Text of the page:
The defeat will prevent President Andrés Manuel López Obrador from passing major legislative and constitutional reforms without the help of opposition parties. However, his ruling coalition is still expected to maintain a simple majority.
López Obrador’s left-leaning political party, Morena, won about 35% of the vote. Morena and its governing partner, Partido Verde, are expected to win between 265 and 292 of the 500 seats in the lower house, according to preliminary figures from the National Electoral Institute (INE). Morena holds 256 seats, but will lose at least 50 following the midterms. It is expected to win between 190 to 203 seats after Sunday’s contest, the INE said.
The results are preliminary, and the final results are expected next week.
The contest was widely seen as a referendum on López Obrador, who was elected in 2018 after campaigning to tackle the violence and corruption that has plagued Mexico for decades with his strategy of “hugs, not bullets.”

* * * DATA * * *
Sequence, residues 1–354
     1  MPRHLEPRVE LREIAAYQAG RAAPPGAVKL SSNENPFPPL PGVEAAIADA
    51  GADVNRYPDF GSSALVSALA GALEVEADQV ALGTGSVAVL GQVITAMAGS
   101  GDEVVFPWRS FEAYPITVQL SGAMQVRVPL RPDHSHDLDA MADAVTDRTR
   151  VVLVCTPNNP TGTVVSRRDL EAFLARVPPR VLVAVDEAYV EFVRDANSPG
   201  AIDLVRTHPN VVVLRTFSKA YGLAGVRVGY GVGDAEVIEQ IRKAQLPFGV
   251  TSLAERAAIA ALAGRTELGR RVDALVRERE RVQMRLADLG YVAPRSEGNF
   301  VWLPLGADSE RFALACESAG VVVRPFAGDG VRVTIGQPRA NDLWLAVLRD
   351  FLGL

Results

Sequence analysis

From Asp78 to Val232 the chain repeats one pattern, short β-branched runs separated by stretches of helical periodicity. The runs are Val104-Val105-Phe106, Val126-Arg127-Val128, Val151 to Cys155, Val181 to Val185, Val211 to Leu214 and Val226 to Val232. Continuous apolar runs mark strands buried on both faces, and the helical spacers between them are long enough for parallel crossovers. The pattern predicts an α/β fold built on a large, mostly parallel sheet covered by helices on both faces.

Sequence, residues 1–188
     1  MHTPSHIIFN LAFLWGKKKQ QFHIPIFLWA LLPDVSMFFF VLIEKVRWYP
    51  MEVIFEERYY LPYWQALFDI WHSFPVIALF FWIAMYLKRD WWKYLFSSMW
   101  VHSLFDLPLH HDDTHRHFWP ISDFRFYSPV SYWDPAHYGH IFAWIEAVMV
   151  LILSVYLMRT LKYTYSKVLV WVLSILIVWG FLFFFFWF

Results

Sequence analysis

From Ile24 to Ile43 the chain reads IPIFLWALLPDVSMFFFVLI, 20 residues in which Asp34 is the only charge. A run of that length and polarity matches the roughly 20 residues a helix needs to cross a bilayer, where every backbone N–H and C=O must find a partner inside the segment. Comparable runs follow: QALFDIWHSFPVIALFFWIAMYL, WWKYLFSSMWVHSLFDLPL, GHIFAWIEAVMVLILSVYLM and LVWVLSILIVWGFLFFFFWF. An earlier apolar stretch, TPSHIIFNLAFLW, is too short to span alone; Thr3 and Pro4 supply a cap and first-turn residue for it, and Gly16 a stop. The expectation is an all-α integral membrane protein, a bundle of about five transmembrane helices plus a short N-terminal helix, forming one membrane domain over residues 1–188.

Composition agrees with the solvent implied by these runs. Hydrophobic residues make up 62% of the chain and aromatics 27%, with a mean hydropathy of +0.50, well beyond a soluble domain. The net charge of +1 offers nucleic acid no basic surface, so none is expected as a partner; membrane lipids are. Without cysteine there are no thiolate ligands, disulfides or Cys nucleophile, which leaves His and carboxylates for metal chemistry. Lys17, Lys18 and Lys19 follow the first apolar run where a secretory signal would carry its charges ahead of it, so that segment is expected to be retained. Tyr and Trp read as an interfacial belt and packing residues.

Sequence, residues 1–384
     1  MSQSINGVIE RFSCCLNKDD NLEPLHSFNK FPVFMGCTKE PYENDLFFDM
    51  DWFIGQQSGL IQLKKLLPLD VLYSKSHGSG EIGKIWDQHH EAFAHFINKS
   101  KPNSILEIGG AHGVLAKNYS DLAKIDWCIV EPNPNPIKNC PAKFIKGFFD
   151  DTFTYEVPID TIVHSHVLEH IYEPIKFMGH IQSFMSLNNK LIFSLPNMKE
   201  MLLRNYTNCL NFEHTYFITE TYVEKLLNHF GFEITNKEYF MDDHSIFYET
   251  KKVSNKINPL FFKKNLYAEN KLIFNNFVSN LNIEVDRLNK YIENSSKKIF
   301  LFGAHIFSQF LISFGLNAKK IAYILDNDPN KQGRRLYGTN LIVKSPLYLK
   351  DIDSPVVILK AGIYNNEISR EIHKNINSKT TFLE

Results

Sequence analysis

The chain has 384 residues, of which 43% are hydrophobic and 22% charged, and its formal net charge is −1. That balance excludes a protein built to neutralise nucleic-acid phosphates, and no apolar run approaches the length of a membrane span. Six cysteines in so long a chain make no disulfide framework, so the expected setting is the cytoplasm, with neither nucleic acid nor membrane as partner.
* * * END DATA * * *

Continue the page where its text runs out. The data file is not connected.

Human remains were found in at least two voting booths in Baja California state, while in Sinaloa state, several voting centers were forced to close early after facing threats from armed groups.
Morena’s two main adversaries are both expected to pick up seats, according to the INE.
The conservative National Action Party (PAN) will go from holding 77 seats to an estimated 106 to 117 seats in the lower house. The Institutional Revolutionary Party (PRI), which held power in Mexico under single-party rule until 2000, is expected to win between 63 and 75 seats — up from 48.
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